About Bloodless Medicine
Mount Sinai’s Bloodless Medicine and Surgery Program coordinates bloodless health care throughout the health system, facilitating the use of pharmaceuticals, surgical procedures, and technologies that avoid transfused blood and its major components.
There are many excellent reasons to reduce transfusions and blood-based products. A policy of avoiding unnecessary transfusions gives all patients improved chances of reduced infection and often leads to quicker recovery. Careful blood management also conserves blood during shortages. In addition, some patients avoid donor blood or blood products for personal or faith-based reasons. Because not all refusals of “blood” are the same (some patients refuse whole blood and its major components, while others accept blood derivatives), we believe in careful compliance with each patient's wishes.
Blood Management Techniques
There is a growing range of techniques that allow physicians to avoid the need for donated blood and blood products.
We use blood management alternatives in the following areas:
- Pharmaceuticals: Pharmaceuticals include medications to stimulate red blood cell production, drugs to stimulate white blood cell production, drugs to stimulate platelet production, hemostatic agents to reduce blood loss during surgery, and intravenous iron infusions for iron deficiency anemia.
- Lab technologies: These practices include reduced phlebotomy frequency and the use of low-volume tubes, which draw minimal amounts of blood.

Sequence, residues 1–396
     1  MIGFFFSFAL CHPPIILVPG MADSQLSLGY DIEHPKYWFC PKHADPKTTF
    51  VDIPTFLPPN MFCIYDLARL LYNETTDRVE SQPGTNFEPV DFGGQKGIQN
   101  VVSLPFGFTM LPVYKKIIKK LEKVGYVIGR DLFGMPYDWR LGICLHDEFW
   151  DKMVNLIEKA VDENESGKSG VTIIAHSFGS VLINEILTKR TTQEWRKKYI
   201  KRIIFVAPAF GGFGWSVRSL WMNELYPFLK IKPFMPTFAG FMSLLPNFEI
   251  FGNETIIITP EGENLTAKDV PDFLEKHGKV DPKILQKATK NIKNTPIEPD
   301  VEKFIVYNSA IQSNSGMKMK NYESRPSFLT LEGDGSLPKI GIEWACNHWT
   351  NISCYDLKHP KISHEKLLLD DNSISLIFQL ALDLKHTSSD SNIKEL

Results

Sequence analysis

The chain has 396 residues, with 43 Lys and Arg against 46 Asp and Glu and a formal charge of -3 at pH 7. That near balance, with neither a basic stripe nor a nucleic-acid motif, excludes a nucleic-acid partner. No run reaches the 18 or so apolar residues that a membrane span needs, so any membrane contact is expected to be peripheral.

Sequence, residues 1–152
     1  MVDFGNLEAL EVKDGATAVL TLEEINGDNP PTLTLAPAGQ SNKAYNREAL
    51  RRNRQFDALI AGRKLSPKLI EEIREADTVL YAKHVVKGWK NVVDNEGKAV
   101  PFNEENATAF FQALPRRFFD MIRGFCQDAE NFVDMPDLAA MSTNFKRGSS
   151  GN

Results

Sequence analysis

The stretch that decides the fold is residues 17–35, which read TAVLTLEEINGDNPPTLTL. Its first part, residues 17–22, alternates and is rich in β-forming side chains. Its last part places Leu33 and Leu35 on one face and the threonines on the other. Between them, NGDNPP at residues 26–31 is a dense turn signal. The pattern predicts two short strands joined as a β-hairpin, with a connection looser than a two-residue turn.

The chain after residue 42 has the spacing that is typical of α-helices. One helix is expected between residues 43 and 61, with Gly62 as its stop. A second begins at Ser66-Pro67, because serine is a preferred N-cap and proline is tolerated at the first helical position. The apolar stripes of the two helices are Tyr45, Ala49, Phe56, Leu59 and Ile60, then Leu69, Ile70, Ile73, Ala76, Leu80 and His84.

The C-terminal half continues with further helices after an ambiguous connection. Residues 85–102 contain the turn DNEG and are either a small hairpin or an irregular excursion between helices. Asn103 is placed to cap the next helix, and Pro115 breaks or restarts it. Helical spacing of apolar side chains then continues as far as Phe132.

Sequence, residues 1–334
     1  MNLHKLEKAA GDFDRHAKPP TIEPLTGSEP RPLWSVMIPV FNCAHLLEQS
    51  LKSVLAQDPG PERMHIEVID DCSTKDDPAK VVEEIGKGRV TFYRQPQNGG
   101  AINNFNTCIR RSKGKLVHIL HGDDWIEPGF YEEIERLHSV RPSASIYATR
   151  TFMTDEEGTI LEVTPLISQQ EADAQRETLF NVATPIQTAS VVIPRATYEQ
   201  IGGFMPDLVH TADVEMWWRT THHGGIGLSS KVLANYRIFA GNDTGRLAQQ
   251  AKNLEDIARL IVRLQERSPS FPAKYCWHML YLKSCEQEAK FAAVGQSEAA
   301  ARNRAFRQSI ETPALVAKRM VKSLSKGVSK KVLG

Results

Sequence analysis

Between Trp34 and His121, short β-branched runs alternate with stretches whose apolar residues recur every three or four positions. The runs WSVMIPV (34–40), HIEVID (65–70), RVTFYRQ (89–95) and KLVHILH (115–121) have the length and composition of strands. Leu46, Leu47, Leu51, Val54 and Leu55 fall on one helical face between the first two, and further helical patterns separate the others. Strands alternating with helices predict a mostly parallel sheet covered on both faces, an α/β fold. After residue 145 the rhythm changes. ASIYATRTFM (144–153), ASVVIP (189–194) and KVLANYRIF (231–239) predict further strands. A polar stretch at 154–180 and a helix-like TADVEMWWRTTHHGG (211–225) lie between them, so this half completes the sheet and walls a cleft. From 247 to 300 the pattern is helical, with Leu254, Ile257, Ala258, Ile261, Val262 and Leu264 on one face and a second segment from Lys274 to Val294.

- Anesthesia: Examples of these techniques include hypotensive anesthesia, which induces low blood pressure to decrease operative blood loss, as well as normovolemic hemodilution, in which blood is slowly drained inside a closed system before surgery and simultaneously replaced with fluid. Another technique uses volume expanders, which help maintain fluid volume so patients can tolerate some loss of blood.
- Biological products: These include collagen and cellulose pads that stop bleeding by direct application, and fibrin sealants that cover large areas of bleeding tissue.
Our surgical techniques and equipment also offer blood management alternatives, including the following:
- Blood salvage technology: This includes the Cell Saver, which recycles blood lost during surgery.
- Embolization: This technique strategically blocks blood vessels.
- Retrograde autologous priming of the heart-lung machine: This allows a patient's blood to replace some of the priming fluid in the heart-lung machine that circulates blood during surgery.
- Electrocautery: This technique uses heat to stop vessels from bleeding.
- Harmonic scalpel: This device uses vibration to cut as well as promote blood clotting.
- Argon beam coagulator: This technique acts to clot blood during surgery.